2021 could be even worse for the Middle East
The International Rescue Committee (IRC) named Yemen, Afghanistan, and Syria as the three countries most at risk of humanitarian deterioration this year, in its annual Emergency Watchlist report.
All three countries are in the throes of conflict and Covid-19 epidemics, with fighting and lockdowns making it more difficult for humanitarian workers to reach those in need.
The IRC Emergency Watchlist is made up of 20 countries judged most at risk of humanitarian crisis.
Despite representing just 10 percent of the global population, the countries on the list account for 85 percent of the people in the world in need of humanitarian support.
The Covid-19 epidemic means that 2021 could be provide more challenges for relief agencies than in previous years.
The pandemic has added further strains to already overloaded healthcare systems, limited the mobility of aid workers, and led to further economic hardships for millions, the IRC report states.
"We are not looking to identify the worst crises this year or century, our watchlist is about which countries will be facing new humanitarian crises or see a deterioration in the next year," Anastasia Moran, Officer for Humanitarian Policy and Advocacy at the IRC told The New Arab.
"Many of the countries at the top of the list have multiple and similar trigger points, for ways they could deteriorate further," Moran said.
"Yemen is one country that faces these triple threats - it's conflict, it's the emergence of Covid, it's climate change, as well as the challenges in responding to more and more needs on the ground."
Yemen remains top of the list for a third year running, a country where war has killed an estimated 100,000 people and starvation or disease remains an ever present threat for millions.
"It is always concerning to see a country like Yemen again at the top of the list when it is already in the midst of a humanitarian crisis. We are expecting the situation to deteriorate further," explained the IRC officer.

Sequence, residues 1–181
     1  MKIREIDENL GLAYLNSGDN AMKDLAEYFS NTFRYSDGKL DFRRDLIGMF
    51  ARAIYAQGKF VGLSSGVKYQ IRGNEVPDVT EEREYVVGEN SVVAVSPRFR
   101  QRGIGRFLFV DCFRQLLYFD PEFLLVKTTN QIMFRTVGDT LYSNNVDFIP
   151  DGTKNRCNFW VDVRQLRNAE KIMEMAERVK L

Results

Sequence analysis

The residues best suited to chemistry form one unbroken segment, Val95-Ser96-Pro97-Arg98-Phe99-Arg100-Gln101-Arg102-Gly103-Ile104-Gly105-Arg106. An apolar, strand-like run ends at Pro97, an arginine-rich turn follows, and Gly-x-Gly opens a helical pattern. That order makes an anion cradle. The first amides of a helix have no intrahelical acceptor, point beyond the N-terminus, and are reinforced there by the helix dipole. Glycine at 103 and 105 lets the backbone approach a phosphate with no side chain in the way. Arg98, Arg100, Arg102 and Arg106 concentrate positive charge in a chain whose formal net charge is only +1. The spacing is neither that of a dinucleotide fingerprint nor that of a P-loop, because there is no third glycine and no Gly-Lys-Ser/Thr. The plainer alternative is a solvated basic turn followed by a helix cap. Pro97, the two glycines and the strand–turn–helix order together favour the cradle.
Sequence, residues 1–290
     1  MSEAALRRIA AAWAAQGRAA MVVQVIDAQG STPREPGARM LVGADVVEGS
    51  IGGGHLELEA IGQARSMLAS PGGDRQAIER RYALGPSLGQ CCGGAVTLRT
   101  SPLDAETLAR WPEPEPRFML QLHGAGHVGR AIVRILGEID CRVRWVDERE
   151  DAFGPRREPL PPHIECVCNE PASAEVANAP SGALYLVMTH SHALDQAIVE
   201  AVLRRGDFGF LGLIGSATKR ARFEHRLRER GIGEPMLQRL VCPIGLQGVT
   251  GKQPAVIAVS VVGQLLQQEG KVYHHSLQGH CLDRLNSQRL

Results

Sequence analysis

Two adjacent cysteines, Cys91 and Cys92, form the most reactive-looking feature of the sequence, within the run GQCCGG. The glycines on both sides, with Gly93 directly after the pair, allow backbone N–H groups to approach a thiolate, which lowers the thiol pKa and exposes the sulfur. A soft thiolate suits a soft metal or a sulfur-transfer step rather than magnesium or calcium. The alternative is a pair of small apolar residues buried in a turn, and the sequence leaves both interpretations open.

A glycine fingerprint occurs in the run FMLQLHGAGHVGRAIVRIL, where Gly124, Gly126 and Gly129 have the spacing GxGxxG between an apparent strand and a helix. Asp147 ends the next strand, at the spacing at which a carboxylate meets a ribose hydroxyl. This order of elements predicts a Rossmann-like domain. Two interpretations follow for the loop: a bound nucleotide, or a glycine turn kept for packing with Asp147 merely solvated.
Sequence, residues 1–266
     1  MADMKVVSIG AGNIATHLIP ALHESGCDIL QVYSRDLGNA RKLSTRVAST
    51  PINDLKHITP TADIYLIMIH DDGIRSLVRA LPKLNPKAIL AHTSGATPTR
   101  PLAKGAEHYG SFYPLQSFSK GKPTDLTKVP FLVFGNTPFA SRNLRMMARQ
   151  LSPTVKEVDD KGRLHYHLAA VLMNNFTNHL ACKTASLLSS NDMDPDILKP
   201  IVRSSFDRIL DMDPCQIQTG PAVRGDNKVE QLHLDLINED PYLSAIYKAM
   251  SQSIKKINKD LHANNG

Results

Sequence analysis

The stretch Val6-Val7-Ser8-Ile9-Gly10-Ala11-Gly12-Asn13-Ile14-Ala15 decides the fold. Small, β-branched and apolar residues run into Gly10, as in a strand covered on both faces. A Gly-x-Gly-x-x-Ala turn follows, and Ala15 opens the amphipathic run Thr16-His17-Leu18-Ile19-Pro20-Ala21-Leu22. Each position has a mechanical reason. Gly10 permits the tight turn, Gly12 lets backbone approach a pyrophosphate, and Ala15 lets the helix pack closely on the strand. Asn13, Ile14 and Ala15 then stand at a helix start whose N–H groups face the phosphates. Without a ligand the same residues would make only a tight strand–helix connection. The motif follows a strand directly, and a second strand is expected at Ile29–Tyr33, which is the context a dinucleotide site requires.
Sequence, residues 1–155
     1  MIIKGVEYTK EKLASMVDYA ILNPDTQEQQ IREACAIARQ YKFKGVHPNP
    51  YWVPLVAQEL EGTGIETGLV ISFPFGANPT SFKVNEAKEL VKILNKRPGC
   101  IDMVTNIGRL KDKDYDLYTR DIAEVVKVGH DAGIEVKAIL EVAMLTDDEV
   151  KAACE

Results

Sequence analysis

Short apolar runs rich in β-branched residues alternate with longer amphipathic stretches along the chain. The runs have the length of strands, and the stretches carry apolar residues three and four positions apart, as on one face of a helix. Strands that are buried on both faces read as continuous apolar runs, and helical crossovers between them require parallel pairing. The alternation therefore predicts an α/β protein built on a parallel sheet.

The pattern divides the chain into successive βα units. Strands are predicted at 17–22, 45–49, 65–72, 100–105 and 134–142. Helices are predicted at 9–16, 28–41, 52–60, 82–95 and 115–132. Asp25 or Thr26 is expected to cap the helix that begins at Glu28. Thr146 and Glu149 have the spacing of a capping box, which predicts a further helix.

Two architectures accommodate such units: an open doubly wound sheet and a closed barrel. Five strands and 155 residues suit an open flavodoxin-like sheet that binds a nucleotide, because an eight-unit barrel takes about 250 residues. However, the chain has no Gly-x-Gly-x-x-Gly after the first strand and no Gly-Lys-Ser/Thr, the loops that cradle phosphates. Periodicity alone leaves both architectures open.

Moran warned that the highly-volatile situation in Yemen has led to the number of frontlines increasing from 33 at the start of 2020 to 47 in December.
"To see that sort of increase in new fighting is very concerning and next year could be even worse," Moran said.
|It is always concerning to see a country like Yemen again at the top of the list when it is already in the midst of a humanitarian crisis
- Anastasia Moran, Officer for Humanitarian Policy and Advocacy at the IRC
Recent conflict in the oil-rich central Yemeni province of Marib has been a particular concern for the IRC.
"The conflict in Marib is in part due to the oil fields in the area, but it also hosts a million displaced people," said the IRC officer.
"So while there might be strategic reasons for why the conflict is moving there, it is also an area with a highly-vulnerable population."
The targeting of a unity government delegation at Aden airport on Wednesday threatens to further escalate fighting between the Houthi north and authorities in the south. In a worrying sign of the new tensions, Saudi-led coalition airstrikes reportedly hit Houthi areas on Thursday.
The UN has already reported "famine-like conditions" in parts of Yemen, where almost half the population is facing hunger and food insecurity.